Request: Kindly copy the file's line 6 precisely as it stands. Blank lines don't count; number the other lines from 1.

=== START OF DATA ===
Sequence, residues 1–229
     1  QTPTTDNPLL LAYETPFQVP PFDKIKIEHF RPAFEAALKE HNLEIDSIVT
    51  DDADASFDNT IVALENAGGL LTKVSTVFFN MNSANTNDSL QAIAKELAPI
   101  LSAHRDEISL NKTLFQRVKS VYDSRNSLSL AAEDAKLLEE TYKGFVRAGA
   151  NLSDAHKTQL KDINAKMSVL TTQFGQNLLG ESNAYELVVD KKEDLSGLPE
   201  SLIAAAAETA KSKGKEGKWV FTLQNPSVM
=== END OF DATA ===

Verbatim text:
   201  SLIAAAAETA KSKGKEGKWV FTLQNPSVM